Officials and experts in Libyan affairs warn that the exit of foreign mercenaries from Libya in an “ill-considered” manner and without coordination with neighboring countries and international bodies will carry risks, and possibly new terrorist acts, targeting neighboring countries, no less than those they suffered during their stay.
Amr Farouk, a researcher in the affairs of terrorist movements, expects the implementation of expected terrorist attacks for mercenaries scheduled to be expelled from Libya, wondering about the mechanism of their exit, especially since their numbers exceeded 20 thousand mercenaries.
Farouk explained to “Sky News Arabia” that Libya “has turned after 2011 into a safe haven for terrorist organizations, led by ISIS, al-Qaeda and the Brotherhood, as well as armed groups in the depths of Africa, especially Chad,” referring to the ferocity of the resistance expected when they were expelled.
He pointed out that the countries most affected by the “unplanned and organized” exit are the countries of North Africa: Egypt, Algeria and Tunisia, in addition to Sudan, as the closest geographically, which also suffered during their presence by being exposed to bombings by these groups.
Farouk warned that the main obstacle to the exit of mercenaries is the refusal of the countries to which they belong to receive them; Therefore, the handover process must be monitored under international auspices, indicating the desire of the United States to remove the mercenaries and transfer them to new bases.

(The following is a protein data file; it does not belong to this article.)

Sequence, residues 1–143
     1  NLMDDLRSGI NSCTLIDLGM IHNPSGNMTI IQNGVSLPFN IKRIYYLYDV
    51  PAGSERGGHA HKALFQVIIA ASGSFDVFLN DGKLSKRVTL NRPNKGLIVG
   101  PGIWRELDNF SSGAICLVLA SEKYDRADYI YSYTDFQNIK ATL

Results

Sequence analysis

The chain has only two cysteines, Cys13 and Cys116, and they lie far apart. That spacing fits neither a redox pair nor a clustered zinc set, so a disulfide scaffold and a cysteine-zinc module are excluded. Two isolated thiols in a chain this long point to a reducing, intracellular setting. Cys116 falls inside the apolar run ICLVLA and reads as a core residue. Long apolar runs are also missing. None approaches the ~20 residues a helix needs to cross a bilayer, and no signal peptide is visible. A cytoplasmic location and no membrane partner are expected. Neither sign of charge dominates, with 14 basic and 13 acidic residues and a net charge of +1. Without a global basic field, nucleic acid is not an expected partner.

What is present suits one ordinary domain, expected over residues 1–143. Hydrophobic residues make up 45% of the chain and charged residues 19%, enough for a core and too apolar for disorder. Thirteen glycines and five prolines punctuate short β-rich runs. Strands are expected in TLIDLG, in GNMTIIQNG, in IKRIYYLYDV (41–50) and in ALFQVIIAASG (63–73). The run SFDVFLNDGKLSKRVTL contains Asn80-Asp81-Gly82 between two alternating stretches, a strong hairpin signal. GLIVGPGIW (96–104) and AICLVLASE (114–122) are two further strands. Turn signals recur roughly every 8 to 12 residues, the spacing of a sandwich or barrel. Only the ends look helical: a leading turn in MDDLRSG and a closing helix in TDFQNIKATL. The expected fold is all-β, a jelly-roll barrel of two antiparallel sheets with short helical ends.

The concerns of the six neighboring countries of Libya: Egypt, Tunisia, Algeria, Sudan, Chad and Niger, all converge on the need for an organized removal of mercenaries under the supervision of the United Nations.
Last Thursday, the Algerian Foreign Ministry warned of the repercussions of an unplanned and monitored exit of mercenaries and weapons, and stressed the need for an organized gradual withdrawal under the umbrella of the United Nations and in coordination with neighboring countries.
At the same meeting, Egyptian Foreign Minister Sameh Shoukry renewed his country’s demand for “the unconditional, simultaneous and coordinated exit of all foreign forces, mercenaries and foreign fighters from Libya, without exception.”
The beginning of the crisis
After the fall of the rule of the Libyan leader Muammar Gaddafi in 2011, smuggling gangs, whether Libyan or international, were active, with wide Turkish support, in bringing weapons and mercenaries, and massed on the borders of neighboring countries, and Egypt had the largest share in the transfer of weapons and terrorists to its territory, and they carried out bombings targeting dozens of soldiers, This was what the Egyptian forces responded to with large-scale purges until 2018, which security officials in Cairo defined as the year of annihilating terrorist groups, especially in the West.
After moving to the cities of Ubari and Sabha in Libya, “Al-Qaeda Organization in the Islamic Maghreb” posed threats to Algeria, and cooperated with ISIS, and the Libyan army seized, last May, weapons for ISIS elements on the southern border that matched the weapons of terrorists affiliated with Al-Qaeda.
According to a statement by the Tunisian Ministry of Defense, the 25 Syrians were arrested last August while they were trying to infiltrate across the border from Libya, and the infiltration attempt of the terrorist Abu Zaid Al-Tunisi was also thwarted.
Chadian movements, including the “Front of Rotation and Accord in Chad” in southwest Libya, used a base to hide, train, and launch terrorist operations against Chad, and caused the assassination of Chadian President Idriss Deby last April.
According to a United Nations report last year, 29 million weapons not only drowned Libya, but their impact extended to the countries of the African continent.